A reader's guide to the upcoming draft CMMC rule

Gettyimages.com/ Jeremy Christensen

Market observers have advice on what to read and how to comment when the Defense Department releases its proposed cybersecurity rule for the industrial base.

Government and industry leaders widely expect the last draft rule for the Cybersecurity Maturity Model Certification program to be released in the coming weeks and almost certainly before this year ends.

Depending on who one asks, the estimates range from the middle of November to the last day of the month.

Industry should prepare now for when that release comes and part of that needs to include comments to file once the release happens, industry officials said at Washington Technology’s second annual CMMC Summit held Wednesday.

CMMC is the Defense Department’s effort to move industry away from self-attestations for compliance guidelines for how to protect controlled but unclassified data on industry networks.

CMMC will require a network of third-party assessors, who will be responsible for verifying that contractors are complying with National Institute of Standards and Technology Standard 800-171.

The draft CMMC rule will likely have a 60-day comment period, so speakers at the event offered several pieces of advice on how to get ready for a very long and dense document.

Bob Metzger, considered the father of CMMC, said he expects the proposed rule to exceed 150 pages.

“I’ve been told that there will be an extended treatment at the start of the rule that explains why they’re doing this and what it is supposed to mean,” he said.

Metzger co-authored the report Deliver Uncompromised for Mitre Corp. to catalog current and potential risks across the defense supply chain.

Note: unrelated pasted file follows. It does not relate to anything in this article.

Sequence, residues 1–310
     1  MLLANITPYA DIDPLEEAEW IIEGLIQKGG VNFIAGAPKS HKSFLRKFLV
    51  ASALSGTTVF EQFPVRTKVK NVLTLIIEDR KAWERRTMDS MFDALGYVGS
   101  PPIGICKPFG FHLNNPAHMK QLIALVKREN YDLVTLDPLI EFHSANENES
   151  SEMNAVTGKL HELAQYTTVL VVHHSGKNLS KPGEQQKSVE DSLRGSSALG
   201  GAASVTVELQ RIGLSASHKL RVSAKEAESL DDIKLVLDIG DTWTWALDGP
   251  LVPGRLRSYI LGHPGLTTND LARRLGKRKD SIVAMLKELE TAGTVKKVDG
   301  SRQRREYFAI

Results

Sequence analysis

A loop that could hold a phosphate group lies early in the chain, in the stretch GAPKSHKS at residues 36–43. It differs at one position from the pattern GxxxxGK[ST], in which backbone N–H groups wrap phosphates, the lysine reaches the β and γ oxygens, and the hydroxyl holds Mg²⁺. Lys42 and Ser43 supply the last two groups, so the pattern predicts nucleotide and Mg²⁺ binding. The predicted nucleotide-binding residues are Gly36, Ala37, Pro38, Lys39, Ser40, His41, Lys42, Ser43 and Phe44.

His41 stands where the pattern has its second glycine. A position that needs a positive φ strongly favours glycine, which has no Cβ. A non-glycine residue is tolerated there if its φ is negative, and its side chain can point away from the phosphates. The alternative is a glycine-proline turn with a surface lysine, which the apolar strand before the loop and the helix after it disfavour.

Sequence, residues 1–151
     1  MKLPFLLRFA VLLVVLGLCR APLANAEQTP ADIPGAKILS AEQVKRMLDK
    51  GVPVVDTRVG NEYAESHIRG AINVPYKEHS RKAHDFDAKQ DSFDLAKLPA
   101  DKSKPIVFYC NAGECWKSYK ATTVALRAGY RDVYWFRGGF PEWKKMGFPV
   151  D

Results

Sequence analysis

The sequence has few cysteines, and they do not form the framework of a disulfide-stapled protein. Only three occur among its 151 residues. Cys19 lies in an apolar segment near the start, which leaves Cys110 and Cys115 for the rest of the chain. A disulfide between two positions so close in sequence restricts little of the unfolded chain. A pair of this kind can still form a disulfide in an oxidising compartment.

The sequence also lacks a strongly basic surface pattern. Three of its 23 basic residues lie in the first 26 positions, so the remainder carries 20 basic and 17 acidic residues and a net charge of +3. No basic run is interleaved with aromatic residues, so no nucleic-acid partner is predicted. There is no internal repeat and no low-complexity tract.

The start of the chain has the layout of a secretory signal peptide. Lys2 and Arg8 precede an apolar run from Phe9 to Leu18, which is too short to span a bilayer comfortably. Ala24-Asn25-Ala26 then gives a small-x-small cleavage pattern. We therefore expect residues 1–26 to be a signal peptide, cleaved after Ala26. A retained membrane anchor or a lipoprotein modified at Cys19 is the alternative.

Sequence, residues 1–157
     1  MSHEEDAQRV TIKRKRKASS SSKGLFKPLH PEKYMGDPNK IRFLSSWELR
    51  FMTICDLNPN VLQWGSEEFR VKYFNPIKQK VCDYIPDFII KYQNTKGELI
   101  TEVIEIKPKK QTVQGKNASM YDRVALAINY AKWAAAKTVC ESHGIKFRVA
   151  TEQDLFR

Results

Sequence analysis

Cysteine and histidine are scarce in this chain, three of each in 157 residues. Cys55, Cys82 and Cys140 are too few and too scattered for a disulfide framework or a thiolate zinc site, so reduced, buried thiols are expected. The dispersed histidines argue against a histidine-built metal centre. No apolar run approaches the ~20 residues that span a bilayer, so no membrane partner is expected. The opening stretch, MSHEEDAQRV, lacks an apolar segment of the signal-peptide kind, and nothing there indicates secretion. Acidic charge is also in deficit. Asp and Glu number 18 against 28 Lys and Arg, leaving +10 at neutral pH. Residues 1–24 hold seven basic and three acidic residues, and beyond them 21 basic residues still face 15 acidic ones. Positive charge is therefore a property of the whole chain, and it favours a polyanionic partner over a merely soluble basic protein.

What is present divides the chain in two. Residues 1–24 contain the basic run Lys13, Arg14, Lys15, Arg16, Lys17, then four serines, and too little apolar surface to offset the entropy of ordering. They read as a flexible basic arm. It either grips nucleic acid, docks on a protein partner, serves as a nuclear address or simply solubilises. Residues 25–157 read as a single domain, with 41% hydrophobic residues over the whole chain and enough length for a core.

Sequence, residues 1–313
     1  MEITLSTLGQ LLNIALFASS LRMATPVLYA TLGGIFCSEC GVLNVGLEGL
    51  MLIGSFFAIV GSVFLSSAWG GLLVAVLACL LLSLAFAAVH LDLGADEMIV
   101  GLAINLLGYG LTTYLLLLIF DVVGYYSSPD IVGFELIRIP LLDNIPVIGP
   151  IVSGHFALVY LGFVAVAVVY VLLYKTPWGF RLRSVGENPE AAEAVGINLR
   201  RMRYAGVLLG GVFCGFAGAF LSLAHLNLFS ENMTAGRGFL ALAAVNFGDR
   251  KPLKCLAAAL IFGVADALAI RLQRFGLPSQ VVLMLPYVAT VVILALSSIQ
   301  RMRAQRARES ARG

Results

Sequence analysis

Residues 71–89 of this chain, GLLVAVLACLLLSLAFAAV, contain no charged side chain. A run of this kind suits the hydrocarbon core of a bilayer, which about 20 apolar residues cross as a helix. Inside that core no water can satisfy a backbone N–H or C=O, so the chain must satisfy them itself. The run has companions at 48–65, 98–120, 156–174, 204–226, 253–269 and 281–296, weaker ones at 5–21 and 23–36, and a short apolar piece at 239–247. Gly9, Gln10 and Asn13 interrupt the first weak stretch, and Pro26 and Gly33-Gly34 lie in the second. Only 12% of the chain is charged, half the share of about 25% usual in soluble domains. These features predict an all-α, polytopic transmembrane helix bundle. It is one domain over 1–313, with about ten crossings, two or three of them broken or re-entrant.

The start of the document is a signal to the rest of government as well as industry about the importance of what CMMC is and why the Defense Department is putting so much emphasis on it, Metzger said.

“You’ll really want to read that part because it puts the rule into context,” he said.

For companies that plan to attain a CMMC certification, the back portion of the draft will be important because it will contain explanations of how CMMC fits into two specific parts of the Code of Federal Regulations.

Metzger pointed to Part 32, which describes how DOD operates; and Part 48, which contains federal acquisition regulations.

Part 32 will tell the Defense Department how to implement CMMC, but Metzger cautioned that "will be very instructive to companies as to how their circumstances will be accommodated and what rights or potential remedies they may have."

Jack Wilmer, former DOD deputy chief information officer for cybersecurity, worked on CMMC before leaving government for the CEO role Core4ce.

Wilmer recommends companies avoid complaining about the draft.

“Make sure that your comments are as constructive as possible because that can be really, really helpful and can actually affect change,” he said.

DOD received 800 comments when it proposed the original CMMC 1.0 effort in 2020.

Metzger expects more comments this time around and said mere complaints will have little impact.

“If there are things that you really don't like or you think need to be clarified, please tell them what you propose instead,” Metzger said. “They will be receptive to constructive criticism, because I think we're more likely to see action on your criticism if it is accompanied by your recommendations.”